If you’re serious about playing poker — either as a profession or a lucrative pastime — you cannot afford to pause for even a moment. As Fabian Quoss and Dani Stern discussed on day one of this €25,000 Special High Roller event (a conversation recorded in the standout article from this week), even the established giants of the game are always glancing over their shoulder at the youngsters who could rob them of their fortunes.
This anxiety, coupled with a very human desire to be the best one can possibly be, goes some way to explaining the success in recent years of poker coaches. Almost everybody who succeeds in the modern game has discussed strategy and theory with other players, and there are now numerous websites offering tutelage via videos or one-to-one discussions. You have to run just to stand still.
Daniel Dvoress, one of the final eight in this tournament at EPT Malta, has been offering poker coaching for the past few years. As “oxota” online, Dvoress has had a glittering career in tournaments and cash games, including victory in a $2,100 SCOOP Hold’em event last May, worth more than $300,000. He has also been sharing his wisdom alongside the likes of Phil Galfond and Jason Koon with subscribers of a training site.
But when one puts oneself forward as a tutor — an “expert”, you could say — does that ramp up the pressure on ones own game? Surely if you’re stepping forward and asking people to pay for your wisdom, you’re setting yourself up for a fall.
“Sometimes I do get a little bit of that, yeah,” Dvoress said ahead of play starting at the final table. “In the back of my head, it’s kind of: ‘If you do something really funky, it’s going to be like, “Oh man, how am I going to defend this later?”‘”.
In this way, poker coaching becomes like the world of counselling. Professional therapists (at least in the UK) are required as part of their qualification to undergo therapy themselves. To be effective while sitting in the chair by the couch, one has to have experience of laying on it – and similarly Dvoress puts out videos of his own play and invites critiques of it.
“Yeah, I think I butchered that hand pretty bad,” he wrote in a recent comment after a Zoom session review, not the kind of thing you would likely hear a high school tutor admitting, no matter how horrible a class they had just led.
The final table of the €25,000 event is not being live streamed, so play isn’t being analysed too closely by the keyboard crusaders of the Twittersphere. But all the major hands are being written up on various blogs (head over to the live coverage page), and any mistakes will be pounced upon.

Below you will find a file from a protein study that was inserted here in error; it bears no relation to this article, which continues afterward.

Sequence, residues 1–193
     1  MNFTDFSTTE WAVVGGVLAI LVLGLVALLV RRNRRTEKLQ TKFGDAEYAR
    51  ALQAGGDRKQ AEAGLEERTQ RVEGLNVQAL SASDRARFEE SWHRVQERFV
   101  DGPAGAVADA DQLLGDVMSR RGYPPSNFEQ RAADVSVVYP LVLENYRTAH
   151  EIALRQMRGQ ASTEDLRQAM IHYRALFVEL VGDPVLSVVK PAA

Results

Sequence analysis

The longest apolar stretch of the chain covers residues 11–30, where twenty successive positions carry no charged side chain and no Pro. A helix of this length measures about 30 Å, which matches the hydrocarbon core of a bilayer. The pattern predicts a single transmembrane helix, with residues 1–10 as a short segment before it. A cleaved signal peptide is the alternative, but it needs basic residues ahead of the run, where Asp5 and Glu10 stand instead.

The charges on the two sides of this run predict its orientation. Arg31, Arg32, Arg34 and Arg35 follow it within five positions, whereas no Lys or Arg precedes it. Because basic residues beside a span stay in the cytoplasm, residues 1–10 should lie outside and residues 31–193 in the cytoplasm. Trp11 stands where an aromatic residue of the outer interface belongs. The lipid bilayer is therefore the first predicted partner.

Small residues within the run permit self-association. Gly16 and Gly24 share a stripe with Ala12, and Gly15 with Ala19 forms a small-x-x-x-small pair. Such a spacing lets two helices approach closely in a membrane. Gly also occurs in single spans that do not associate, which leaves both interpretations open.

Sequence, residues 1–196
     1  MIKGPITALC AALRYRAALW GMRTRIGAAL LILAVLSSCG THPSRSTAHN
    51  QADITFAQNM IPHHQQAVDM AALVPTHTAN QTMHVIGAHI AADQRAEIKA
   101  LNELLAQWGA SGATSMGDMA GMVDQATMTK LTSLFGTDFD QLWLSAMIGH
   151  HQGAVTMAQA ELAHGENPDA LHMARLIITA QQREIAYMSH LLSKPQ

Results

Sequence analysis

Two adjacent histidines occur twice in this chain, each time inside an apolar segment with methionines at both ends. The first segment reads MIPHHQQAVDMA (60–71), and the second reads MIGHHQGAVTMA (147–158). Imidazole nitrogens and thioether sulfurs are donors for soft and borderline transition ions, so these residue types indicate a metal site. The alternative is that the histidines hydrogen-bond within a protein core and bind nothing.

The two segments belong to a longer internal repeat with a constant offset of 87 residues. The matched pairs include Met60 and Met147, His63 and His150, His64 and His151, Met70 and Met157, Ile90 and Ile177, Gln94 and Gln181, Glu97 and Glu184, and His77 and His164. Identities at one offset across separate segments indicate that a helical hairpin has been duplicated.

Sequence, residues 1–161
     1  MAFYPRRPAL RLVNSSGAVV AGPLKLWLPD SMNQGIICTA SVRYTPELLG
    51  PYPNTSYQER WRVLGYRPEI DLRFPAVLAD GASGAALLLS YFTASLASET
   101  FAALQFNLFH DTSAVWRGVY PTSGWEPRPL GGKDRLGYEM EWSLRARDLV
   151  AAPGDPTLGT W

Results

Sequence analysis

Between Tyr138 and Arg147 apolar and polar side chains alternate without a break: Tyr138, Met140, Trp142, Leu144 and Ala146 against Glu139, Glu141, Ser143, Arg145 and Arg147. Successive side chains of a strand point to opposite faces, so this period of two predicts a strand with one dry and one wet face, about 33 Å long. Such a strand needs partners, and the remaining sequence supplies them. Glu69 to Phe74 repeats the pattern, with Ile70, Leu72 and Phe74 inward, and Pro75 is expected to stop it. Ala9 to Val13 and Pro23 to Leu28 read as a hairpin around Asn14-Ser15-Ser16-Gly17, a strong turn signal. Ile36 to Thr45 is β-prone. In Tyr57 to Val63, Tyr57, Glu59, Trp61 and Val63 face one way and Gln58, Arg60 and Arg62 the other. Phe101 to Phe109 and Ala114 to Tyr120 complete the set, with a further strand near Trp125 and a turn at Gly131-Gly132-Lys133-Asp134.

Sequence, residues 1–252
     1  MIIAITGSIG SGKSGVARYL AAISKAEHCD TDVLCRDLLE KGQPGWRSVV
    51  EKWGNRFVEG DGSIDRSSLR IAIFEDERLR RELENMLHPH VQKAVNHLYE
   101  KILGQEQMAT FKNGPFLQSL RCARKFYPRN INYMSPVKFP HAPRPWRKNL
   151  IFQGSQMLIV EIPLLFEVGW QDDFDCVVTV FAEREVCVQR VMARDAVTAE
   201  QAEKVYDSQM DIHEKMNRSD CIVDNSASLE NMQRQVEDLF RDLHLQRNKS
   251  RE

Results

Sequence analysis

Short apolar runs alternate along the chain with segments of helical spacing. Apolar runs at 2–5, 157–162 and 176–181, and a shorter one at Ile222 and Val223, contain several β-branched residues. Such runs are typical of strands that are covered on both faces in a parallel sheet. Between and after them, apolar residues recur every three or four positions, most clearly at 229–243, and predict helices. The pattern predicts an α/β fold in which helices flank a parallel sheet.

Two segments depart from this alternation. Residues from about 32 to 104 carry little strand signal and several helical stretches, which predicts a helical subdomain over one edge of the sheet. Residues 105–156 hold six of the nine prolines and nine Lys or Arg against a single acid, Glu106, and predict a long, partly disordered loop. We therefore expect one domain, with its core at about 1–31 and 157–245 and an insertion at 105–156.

Dvoress was one of the two shortest stacks when the bubble approached yesterday, and it’s a passage of play during which less experienced players can make extremely costly mistakes. It was notable, however, that both Dvoress and Sorel Mizzi, the other imperilled player, remained calm throughout and stuck to game-plans.
“I was pretty short so you just have to wait it out,” Dvoress said. “But I feel like no matter what stack you’re at, there’s no need to get nervous. You just try to do the optimal thing. If you’re the bigger stack, you obviously push people around. And if you’re the middle stack, or the short stack, you’ve got to kind of wait it out.
“I was glancing back at his [Mizzi’s] stack a little bit. He wasn’t the only one. You have to know how short the other player is. It is going to impact your decision, and I don’t think he was looking at my stack because he was nervous or anything, he just wanted to get the information so he can make the right decisions.”
Dvoress has played a few times on the European Poker Tour this season, in Barcelona, Prague and at the PCA, and said he has played both live and online with several of his adversaries today. There are two relatively unknown Polish players at the table too, but Dvoress has been putting together a dossier on them as play has progressed.
He said: “I don’t have much experience with them, but I’ve been watching how they play and collecting a little bit of mental information yesterday, so it should be fun. Both of them have a pretty fun style to play against.”
And if it all goes wrong today, it seems unlikely Dvoress will be going too hard on himself. “I try not to get impacted by all the outside stuff,” he said. “But everyone does. There’s only so much you can do, right.”
Follow all the action from the EPT Malta festival at PokerStars Blog. We have hand-by-hand action from the €25,000 High Roller in the panel at the top of the €25,000 High Roller page. Feature pieces are below. We also have a man on the IPT Malta stop. You must also download the EPT App, available on both Android or IOS, because endangered species die if you don’t.